Submitted to: Animal Feed Science and Technology
Publication Type: Peer Reviewed Journal
Publication Acceptance Date: 11/7/2006
Publication Date: 7/6/2007
Citation: Leytem, A.B., Taylor, J.B., Raboy, V., Plumstead, P.W. 2007. Dietary low-phytate mutant-M 955 barley grain alters phytate degradation and mineral digestion in sheep fed high-grain diets. Animal Feed Science and Technology. 138:13-28.
Interpretive Summary: Greater demands for food products from high-performance ruminant animals require increased dietary inclusion of high-energy feeds. Grains and oil seeds are most commonly used to enhance diet energy density of ruminant diets. However, use of such feeds proportionally increases the amount of phytate phosphorus in the diet, which the ruminant may not be able to fully utilize. Our objectives for this study were to determine the extent of phytate degradation and mineral digestion in wethers fed high-grain diets consisting of either a normal- or low-phytate barley grain. The results of this study indicate that dietary inclusion of the mutant-M 955 low-phytate barley grain, in place of the wild-type Harrington variety, in finishing diets fed to wethers decreased the amount of undegraded phytate passing into the duodenum and seemed to increase mineral absorption and retention. Based on these results, we conclude that less supplemental calcium, iron, magnesium, and zinc may be needed in ruminant finishing diets formulated with low-phytate grains.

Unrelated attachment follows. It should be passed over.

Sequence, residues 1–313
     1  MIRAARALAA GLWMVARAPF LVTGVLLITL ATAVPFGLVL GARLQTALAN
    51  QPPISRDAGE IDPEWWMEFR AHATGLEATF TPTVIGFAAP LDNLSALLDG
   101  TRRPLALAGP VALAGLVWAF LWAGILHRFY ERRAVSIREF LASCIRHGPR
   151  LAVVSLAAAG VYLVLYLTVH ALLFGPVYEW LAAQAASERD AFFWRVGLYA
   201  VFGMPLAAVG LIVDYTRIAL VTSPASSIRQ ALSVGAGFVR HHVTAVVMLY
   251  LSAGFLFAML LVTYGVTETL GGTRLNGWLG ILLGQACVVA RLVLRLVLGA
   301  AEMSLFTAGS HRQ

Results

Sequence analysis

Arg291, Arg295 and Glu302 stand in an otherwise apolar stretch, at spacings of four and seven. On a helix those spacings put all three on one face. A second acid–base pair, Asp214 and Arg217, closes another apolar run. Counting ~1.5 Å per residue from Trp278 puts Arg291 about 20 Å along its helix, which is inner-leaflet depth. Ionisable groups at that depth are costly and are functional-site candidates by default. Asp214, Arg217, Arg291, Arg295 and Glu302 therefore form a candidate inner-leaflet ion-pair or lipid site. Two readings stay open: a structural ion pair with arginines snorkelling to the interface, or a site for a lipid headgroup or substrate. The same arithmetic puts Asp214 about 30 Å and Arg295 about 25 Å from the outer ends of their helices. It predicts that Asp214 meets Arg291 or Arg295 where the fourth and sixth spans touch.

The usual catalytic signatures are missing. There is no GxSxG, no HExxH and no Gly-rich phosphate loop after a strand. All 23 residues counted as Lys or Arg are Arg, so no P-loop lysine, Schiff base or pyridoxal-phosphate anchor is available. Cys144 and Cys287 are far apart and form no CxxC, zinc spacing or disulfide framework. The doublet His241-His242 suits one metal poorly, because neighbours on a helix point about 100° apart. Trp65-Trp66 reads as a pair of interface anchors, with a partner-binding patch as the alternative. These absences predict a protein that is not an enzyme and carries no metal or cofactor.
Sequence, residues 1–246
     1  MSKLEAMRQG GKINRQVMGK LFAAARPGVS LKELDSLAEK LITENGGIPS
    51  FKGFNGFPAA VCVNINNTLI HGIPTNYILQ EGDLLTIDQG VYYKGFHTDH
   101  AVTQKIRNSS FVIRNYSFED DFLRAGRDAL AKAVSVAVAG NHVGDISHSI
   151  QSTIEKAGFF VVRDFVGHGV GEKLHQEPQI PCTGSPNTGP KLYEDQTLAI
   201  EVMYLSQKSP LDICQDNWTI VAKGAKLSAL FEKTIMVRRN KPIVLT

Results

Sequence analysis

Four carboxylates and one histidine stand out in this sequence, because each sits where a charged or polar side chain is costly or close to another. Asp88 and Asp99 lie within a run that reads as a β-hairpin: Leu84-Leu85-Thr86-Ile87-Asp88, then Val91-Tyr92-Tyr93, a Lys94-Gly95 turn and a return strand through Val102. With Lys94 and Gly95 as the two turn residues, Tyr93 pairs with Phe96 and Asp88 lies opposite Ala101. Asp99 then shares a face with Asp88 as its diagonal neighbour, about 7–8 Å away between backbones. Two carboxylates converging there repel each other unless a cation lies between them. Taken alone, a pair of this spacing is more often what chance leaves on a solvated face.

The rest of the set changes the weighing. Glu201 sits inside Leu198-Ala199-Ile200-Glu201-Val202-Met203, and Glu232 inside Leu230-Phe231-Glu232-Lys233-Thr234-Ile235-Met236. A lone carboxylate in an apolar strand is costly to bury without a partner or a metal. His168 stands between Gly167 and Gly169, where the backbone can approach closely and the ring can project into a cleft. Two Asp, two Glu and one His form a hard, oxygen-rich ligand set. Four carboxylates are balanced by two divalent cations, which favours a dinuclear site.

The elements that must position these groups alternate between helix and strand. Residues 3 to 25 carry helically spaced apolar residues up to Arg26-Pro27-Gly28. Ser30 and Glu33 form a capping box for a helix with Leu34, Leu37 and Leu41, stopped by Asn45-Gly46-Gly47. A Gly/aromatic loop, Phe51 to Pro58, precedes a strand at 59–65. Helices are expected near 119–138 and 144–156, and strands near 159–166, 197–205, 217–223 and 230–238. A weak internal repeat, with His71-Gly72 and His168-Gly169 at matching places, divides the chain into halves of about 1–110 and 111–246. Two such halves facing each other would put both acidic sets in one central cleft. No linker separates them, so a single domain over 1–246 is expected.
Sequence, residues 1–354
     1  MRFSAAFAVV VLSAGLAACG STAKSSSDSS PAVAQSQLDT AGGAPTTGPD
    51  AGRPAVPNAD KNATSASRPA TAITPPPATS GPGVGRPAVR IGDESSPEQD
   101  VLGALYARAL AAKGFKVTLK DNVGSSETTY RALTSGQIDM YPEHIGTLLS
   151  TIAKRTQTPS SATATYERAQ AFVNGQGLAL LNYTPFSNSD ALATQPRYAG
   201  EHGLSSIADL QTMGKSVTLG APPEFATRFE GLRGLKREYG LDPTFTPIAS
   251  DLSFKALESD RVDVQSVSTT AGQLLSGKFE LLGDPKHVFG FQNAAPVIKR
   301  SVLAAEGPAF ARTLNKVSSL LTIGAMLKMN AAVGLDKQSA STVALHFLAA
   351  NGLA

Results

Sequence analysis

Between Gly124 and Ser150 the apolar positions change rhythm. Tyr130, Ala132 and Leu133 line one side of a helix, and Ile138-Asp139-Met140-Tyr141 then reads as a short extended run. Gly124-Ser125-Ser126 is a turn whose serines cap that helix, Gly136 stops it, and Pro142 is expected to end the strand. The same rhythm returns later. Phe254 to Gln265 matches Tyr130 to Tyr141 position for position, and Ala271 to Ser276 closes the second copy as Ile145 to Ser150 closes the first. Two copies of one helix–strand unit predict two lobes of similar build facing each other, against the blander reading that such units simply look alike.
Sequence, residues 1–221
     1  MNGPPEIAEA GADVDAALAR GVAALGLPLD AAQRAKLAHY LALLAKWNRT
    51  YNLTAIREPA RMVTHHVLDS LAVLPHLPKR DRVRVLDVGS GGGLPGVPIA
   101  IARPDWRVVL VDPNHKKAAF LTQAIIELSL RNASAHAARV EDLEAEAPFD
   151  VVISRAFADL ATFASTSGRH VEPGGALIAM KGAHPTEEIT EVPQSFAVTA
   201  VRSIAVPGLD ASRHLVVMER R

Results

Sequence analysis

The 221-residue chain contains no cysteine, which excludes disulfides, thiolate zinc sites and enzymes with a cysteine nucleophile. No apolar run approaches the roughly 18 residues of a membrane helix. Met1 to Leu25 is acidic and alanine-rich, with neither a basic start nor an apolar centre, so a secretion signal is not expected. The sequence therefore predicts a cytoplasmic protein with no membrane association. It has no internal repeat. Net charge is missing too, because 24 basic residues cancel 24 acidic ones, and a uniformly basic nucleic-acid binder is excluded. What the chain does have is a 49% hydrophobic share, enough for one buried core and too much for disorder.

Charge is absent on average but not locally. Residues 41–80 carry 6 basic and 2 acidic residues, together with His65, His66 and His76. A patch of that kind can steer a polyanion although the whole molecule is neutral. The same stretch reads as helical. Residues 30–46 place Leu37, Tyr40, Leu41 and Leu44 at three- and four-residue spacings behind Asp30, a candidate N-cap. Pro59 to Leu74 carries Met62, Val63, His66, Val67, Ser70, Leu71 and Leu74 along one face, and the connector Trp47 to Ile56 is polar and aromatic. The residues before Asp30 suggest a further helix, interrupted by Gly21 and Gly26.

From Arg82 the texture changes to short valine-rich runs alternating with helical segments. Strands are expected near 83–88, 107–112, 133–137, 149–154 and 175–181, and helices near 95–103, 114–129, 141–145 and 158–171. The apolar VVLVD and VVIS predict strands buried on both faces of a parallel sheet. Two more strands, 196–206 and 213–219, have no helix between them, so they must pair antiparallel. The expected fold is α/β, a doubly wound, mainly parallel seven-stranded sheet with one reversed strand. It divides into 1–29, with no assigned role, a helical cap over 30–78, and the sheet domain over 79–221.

Technical Abstract: Our objectives for this study were to determine the extent of phytate degradation and mineral digestion in wethers fed high-grain diets consisting of either a normal- or low-phytate barley grain. In two separate experiments, mature Columbia wethers (n = 7) fitted with rumen and duodenal cannulas and Columbia × Polypay wether lambs (n = 8) were individually fed one of two finishing diets formulated with either normal-phytate Harrington (HARR) variety or low-phytate mutant-M 955 (M955) barley grains. Repeated samples were obtained from the rumen, duodenum, and rectum of each mature wether on day-25 of treatment. Total daily feces and urine were collected from wether lambs on days 10 through 15 of treatment. Total-phosphorus intake was similar (P = 0.46 to 0.70) between the M955 and HARR treatments for mature (5,756 and 5,550 mg/d, respectively) and lamb (5,207 and 4,894 mg/d, respectively) wethers. Dietary water-soluble phosphorus was 3.6 times greater in M955 than HARR treatment diets. Apparent total-phosphorus digestion was similar between M955 and HARR treatments (P = 0.83 to 0.88). More monoester phosphorus was identified in the duodenal chyme of mature wethers fed HARR treatment diet, presumably due to incomplete hydrolysis of phytate phosphorus in the rumen. Inclusion of the low-phytate M 955, as opposed to the Harrington variety, barley grain resulted in greater (P < 0.05) apparent partial-tract digestion of calcium and total-tract digestion of magnesium, iron, and zinc in mature wethers and apparent total-tract digestion of magnesium and iron and retention of magnesium, iron, and calcium in wether lambs. These results indicate that phytate in wild-type Harrington grain diet may not be fully digested in the rumen, and subsequent passage of partially digested phytate from the rumen may interfere with mineral digestion in wethers fed finishing diets. Based on these results, we conclude that less supplemental calcium, iron, magnesium, and zinc may be needed in ruminant finishing diets formulated with low-phytate grains.